With the Carpenter Theatre, the main venue of the Richmond CenterStage performing-arts complex, set to open in two weeks, the project’s acoustical consultants and a revolving cast of local musicians have spent this week conducting sound checks in the renovated theater. I sat in on two of these sessions, as members of the Richmond Symphony, the Richmond Symphony Youth Orchestra, the Richmond Philharmonic and the Richmond Symphony Chorus performed excerpts of Beethoven’s First Symphony and Handel’s "Messiah."
The sound was, to my ears, more brightly resonant, more transparent in musical texture and more consistent from one seating area to another than the sound heard in this hall prior to its acoustical upgrading.
Important qualifiers: I was listening in a nearly empty auditorium, without the sound-cushioning effect of bodies filling seats; the orchestral forces were minimal (just three violinists showed up for the run-through of the Beethoven); and, in any event, these test pieces are not thickly textured music.
Several wind players remarked that the sound onstage was "hot," or quite loud, although Rolla Durham, the symphony’s principal trumpeter, said he heard more warmth than in the past. In both the Beethoven and Handel, most of the instrumentalists were playing on the section of the stage that thrusts into the auditorium. (This section is lowered for theatrical productions to form the orchestra pit.) The back line of winds played directly under the proscenium arch. The chorus sang behind the proscenium, within a new orchestra shell that is narrower and deeper than the old shell.
A set of "clouds" – acoustical panels suspended overhead, at roughly the same level as the top of the proscenium – reflect sound back to the stage and outward into the auditorium. Other sound reflectors are built into the walls of the theater, notably in the formerly dead-sounding space under the balcony. The floor under orchestra-level seats has been adjusted to reduce the height difference between the stage and seats in the front rows and to create more space (or at least the sensation of more space) between the overhanging balcony and the seats underneath.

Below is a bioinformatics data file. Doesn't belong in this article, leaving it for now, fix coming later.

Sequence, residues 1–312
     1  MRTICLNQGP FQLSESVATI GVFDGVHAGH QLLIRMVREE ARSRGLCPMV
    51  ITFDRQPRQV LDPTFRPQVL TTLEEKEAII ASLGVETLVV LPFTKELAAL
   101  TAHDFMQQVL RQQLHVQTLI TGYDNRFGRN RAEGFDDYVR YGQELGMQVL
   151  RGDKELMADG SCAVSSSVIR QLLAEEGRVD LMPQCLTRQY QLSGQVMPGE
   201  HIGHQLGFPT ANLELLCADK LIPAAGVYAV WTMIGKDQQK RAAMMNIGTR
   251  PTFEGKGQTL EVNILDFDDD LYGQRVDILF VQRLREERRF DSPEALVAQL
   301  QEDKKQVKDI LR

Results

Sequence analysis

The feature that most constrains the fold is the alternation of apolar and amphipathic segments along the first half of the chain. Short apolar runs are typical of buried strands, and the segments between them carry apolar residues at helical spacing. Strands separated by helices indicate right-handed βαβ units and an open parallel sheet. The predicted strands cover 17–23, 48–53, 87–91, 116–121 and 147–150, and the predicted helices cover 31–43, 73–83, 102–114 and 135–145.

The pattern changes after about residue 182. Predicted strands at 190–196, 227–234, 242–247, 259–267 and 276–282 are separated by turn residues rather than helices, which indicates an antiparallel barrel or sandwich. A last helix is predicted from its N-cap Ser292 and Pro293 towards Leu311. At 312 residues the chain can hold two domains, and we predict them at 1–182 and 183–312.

The acousticians have installed an extensive amplification system. Some of it is to be used only for amplified pop-music events, but other components can be employed to enhance and regularize volume of unamplified music as it reaches more distant seats in the upper balconies.
I was moving around the hall, not looking over the technicians’ shoulders, during these sound checks, so I can’t say which components were turned on or off at which times. I can say that whatever sound enhancement was in use wasn’t obvious and didn’t sound artificial.
Some of the sonic difference can be traced to visual perception: The stage floor, which was painted black, is now blond wood, and the stage lighting is brighter. The walls are freshly painted, and 20 years’ worth of dust and grime have been cleaned away. "You’d be amazed how much the absence of dirt affects sound," observed Mark Holden of JaffeHolden, the project’s acoustical consultant.
Physical comfort plays a role, too – more leg room in balcony seats and more aisle space reduce the claustrophobic sensation that affected the listening experience in much of the old hall.
The bright sound that came off the stage in these sound checks at times bordered on the chilly or brittle, especially when the winds played loudly or the chorus sang at full volume. Holden didn’t seem too worried by that. "If things sound ideal in an empty hall, I would be worried," he said. (During these sessions, he was especially attentive to the sound of cellos and double-basses.)
The acousticians will continue to check their systems during performances for much of the theater’s opening season. The true sound of the space probably won’t be known until midwinter, when patrons turn up with sound-deadening overcoats.